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Posted on Wed, Mar 3, 2010 : 10:31 a.m.

Ohio State's Evan Turner takes commanding lead in college basketball player of year poll

By Michael Rothstein


Ohio State junior guard-forward Evan Turner drives to the basket during the second half against Illinois on Tuesday. Ohio State won, 73-57, to clinch at least a share of the Big Ten Conference title. (Photo: Associated Press)

Three months ago, Evan Turner’s season looked close to over after he fractured his back after a dunk against Eastern Michigan on Dec. 5.

Now, after a dominating second half that helped the Ohio State basketball team earn at least a share of the Big Ten Conference title and a season, Turner may be able to add another trophy or two at the end of the season.

In the final national player of the year poll, Turner is the runaway winner, according to our 49 respondents. The junior guard-forward picked up 41 first-place votes and is the only player named on every ballot.

The four major player of the year awards - the Naismith, Wooden, Robertson and AP - won’t be handed out until later in March and in early April, but last week Turner was asked what it would mean to be named national player of the year.

“It means a lot, because people definitely counted me out when I got hurt and stuff like that,” Turner said. “To get it, it’d prove to myself and just goes to show that you can never count out winners or a winner.”

Since he returned on Jan. 6, Turner has sparked the Buckeyes. When he rejoined Ohio State, the Buckeyes had lost three Big Ten games. They’ve lost just one since then.

Turner has been the leader and had an 18-point, 12-rebound, 5-assist performance on Tuesday night against Illinois in a win that clinched a share of the Big Ten title for the Buckeyes (24-7, 14-4 Big Ten).

“These are the type of things he’s always wanted, so he’s handled it well,” said Notre Dame guard Jonathan Peoples, a former high school teammate of Turner’s who still speaks with him about once a week. “He was well prepared for these types of things that are coming at him.

“He’s well prepared to handle it. He doesn’t put pressure on himself. He’s just a real confident guy. Not cocky. Just confident.”

He’s also in line to be college basketball’s Player of the Year.

“His mid-range game is what distinguishes him so much,” Michigan guard Zack Novak said. “If you look at a lot of the people who are scoring a lot of the points in the conference, around the country, that mid-range game is what’s open. People are so afraid of three and so afraid of protecting the basket that it’s that middle area that’s open.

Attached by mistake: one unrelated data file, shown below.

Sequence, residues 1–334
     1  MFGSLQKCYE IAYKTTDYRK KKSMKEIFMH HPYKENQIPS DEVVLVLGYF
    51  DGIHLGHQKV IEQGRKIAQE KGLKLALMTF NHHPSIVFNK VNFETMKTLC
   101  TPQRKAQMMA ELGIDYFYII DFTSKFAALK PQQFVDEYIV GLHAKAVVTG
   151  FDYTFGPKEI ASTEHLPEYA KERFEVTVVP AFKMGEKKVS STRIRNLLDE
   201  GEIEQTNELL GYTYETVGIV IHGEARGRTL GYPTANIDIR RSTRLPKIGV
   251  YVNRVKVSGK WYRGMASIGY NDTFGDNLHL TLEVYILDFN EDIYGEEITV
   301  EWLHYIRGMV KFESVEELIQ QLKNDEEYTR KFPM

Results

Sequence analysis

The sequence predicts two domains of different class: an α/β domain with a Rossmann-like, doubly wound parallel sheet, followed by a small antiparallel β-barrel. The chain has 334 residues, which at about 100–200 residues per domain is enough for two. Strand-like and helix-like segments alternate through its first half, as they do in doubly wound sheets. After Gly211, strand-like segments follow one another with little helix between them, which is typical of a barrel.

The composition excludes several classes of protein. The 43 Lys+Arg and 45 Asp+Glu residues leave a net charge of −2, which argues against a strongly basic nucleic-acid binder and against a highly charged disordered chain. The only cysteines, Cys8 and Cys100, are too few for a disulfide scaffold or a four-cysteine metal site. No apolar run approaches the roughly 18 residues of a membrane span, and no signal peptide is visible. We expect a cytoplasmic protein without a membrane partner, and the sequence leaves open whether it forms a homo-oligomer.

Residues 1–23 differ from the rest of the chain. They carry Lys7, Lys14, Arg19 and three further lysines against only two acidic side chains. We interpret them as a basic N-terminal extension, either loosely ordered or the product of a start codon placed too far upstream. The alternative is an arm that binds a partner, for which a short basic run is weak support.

“He just gets there, gets to a spot and he’s so long that there’s not much you can do about it.”


More analysis:

• The poll remained at 49 voters for the second straight ballot and for the second time in four ballots, 14 players were mentioned. The first had 11, second 14 and third 16.

• One player made his first appearance in the poll - Maryland’s Greivis Vasquez. Four players dropped out of the poll: Texas’ Damion James, West Virginia’s Da’Sean Butler, Radford’s Artsiom Parakhouski and Notre Dame’s Luke Harangody. One player reappeared in the poll - BYU’s Jimmer Fredette.

• Evan Turner, despite remaining in first place, made the biggest jump in points going from 110 to 138. He also saw his first-place votes go from 30 to 41. Sherron Collins had the biggest drop, from 17 points to 3 points. Scottie Reynolds was a close second, going from 29 points to 17 points.

• Six players had first place votes in the first poll. Five had No. 1 votes in the second poll and four had first-place votes in the third. By the final poll, only two players were named.

• Six players were named to all four polls: Turner, Wall, Johnson, Reynolds, Scheyer and Collins.

• Wall led the first two polls. Turner led the final two.

• Seven conferences were represented by the 14 players: ACC, Big East, Big Ten, Big 12, Mountain West, Pac 10 and SEC. Two schools, Kansas and Kentucky, had two players receiving votes.

Michael Rothstein covers University of Michigan basketball for He can be reached at (734) 623-2558, by e-mail at or follow along on Twitter @mikerothstein.